In the award-winning HBO series, “Band of Brothers,” we are introduced to the men of Easy Company as they begin their training as airborne infantry soldiers under the command of Lieutenant Herbert Sobel at Camp Toccoa, Georgia. Sobel’s goal for his command in the newly formed 506th Infantry Regiment, is to make his company the absolute best company in the entire 2nd Battalion. In pursuit of this, he determines to drive his men hard, breaking them if necessary, in order that they bend to his will and follow his commands without hesitation.
On one hand, he sees his tactics as a way to protect his men when they go into combat. On the other, his men see them as self-serving, only providing the appearance of a company that performs as a well-oiled machine when in actuality, it was able to do so at all because of the leadership of their junior officers, 2nd Lt. Dick Winters and 2nd Lt. Lewis Nixon. Sobel’s inability to demonstrate empathy for his men resulted in a lack of trust in his leadership. To them, they were a stepping stone Sobel was using to bring attention to himself in order that he may be elevated in command. Matters were only complicated when it became clearly evident that, despite his knowledge of drills and training, he lacked the ability to practically apply that knowledge in the field while attempting to lead others.
There is a scene in the first episode of the series in which Sobel seeks to send a message to the men of the company by singling out for punishment a private named Gordon. He commands the young man to accomplish a grueling task alone: in less than fifteen minutes he must run three miles up, then three miles back down, a nearby mountain named Currahee...in full uniform. Sobel delivers this punishment in full view of the others in the company.
As the scene ends and cuts to Gordon struggling to run alone up the mountain, we soon see other members of Easy Company joining in to run along his side. These men weren’t being punished as well; they were willingly choosing to accept the same difficult task as their buddy in order to demonstrate their solidarity with him. What Sobel hoped would produce respect for him from his men only resulted in solidifying their selfless support of each other.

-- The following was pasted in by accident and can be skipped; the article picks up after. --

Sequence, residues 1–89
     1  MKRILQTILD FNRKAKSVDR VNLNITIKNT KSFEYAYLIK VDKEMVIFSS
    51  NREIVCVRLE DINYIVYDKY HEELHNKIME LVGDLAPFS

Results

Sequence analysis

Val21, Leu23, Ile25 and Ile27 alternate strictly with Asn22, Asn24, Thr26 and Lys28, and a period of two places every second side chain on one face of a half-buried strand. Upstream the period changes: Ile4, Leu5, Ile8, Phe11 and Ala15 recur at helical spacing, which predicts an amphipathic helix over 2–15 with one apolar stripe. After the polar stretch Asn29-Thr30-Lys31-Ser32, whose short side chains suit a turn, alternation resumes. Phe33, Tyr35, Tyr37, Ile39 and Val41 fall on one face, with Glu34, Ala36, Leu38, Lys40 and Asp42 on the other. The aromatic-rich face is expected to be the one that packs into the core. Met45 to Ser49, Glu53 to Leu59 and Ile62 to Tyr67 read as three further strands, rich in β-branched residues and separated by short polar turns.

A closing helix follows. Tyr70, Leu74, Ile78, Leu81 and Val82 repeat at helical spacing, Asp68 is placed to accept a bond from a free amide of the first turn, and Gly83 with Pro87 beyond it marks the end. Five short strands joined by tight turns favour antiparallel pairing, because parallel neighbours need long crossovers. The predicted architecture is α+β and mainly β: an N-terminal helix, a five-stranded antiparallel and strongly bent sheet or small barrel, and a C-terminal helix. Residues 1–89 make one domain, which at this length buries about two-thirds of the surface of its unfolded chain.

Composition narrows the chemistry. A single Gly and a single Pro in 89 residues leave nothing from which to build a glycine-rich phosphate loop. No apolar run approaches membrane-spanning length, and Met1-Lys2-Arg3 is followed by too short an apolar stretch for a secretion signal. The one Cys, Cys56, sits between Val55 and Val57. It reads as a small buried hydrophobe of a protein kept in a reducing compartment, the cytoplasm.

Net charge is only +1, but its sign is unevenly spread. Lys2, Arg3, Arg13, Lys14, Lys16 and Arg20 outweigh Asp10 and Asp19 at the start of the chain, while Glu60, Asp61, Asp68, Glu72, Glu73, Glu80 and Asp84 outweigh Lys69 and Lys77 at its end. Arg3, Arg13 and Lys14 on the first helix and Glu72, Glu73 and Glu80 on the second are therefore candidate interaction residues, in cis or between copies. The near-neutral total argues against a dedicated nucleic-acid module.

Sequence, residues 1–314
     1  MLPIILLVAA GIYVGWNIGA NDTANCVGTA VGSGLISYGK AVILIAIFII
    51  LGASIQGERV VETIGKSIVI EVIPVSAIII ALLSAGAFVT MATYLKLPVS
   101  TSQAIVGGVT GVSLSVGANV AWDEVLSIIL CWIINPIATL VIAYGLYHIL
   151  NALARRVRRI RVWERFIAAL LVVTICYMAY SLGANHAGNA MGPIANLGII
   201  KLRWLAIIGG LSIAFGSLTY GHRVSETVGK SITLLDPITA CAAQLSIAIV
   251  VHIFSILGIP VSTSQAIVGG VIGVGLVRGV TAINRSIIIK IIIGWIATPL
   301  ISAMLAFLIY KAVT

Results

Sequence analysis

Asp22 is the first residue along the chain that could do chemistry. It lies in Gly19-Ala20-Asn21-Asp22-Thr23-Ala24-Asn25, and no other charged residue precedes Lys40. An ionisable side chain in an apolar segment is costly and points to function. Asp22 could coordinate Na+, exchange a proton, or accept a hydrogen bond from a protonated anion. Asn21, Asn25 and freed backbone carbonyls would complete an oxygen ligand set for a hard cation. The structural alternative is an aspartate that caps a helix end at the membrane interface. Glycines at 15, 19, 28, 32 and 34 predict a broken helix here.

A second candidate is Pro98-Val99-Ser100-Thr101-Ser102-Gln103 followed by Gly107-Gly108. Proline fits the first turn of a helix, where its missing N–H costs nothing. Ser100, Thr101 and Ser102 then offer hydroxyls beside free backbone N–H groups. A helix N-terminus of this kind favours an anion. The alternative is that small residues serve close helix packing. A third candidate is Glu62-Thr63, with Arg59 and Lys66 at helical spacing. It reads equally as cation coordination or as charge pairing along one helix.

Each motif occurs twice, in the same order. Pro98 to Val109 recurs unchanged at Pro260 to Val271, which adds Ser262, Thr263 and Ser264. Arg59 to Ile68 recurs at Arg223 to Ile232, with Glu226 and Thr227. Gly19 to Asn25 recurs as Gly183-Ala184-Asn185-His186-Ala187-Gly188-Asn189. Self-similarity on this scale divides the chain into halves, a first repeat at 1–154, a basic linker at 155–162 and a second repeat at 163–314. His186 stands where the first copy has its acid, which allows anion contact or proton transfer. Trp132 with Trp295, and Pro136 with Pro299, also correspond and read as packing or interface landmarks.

The name of the mountain, “Currahee” is a Cherokee word that translates to “We stand alone together.” In this case, the men of Easy were living out that meaning; and they would do so throughout the entire war. Their concern for each other outweighed the approval or permission of others.
Eventually, Lt. Sobel was promoted to Captain, a goal he whole-heartedly sought. Yet in the process, he was relieved of his command of Easy Company when it became apparent that his men had no confidence in him to lead them into battle.
Later in the war, after months and months of grueling fighting, the men of Easy reflect on their time at Toccoa and their experiences under Sobel. It was the difficult, sobering training under him that laid the groundwork for them to become one of the most decorated companies of World War 2. Had Sobel been able to recognize his weaknesses as a leader, learned from those weaknesses, and sought to adapt his methods to better support those he led, perhaps he would have remained in command. However, as he could not, Easy was led by others, such as Lieutenant (later Major) Winters who inspired by example and always sought to support the needs of the men, or the mission, over himself.
As leaders of our homes, businesses, schools, churches, governments, clubs or other organizations, we must constantly check the motives of our hearts and the measure of our actions. Are the methods I’m employing to help others actually hurting them instead? Are my actions inspiring them to follow or must I rely on my authority to exact unquestioned allegiance? Do I admit my shortcomings and lean on the knowledge, experience, and insight of others who may know more than myself instead of seeing them as a threat to my position or power?
The men of Easy Company learned early on that they could not trust their leader. The only thing that held them together at that time was their trust in each other. Later they experienced another type of leadership; the selfless type that inspired greatness and would ultimately lead them to a hard-fought victory.
What type of leader are you? Would those in your charge consider you to be leading in isolation, or would they include you among themselves as they stand alone together against whatever challenge they face?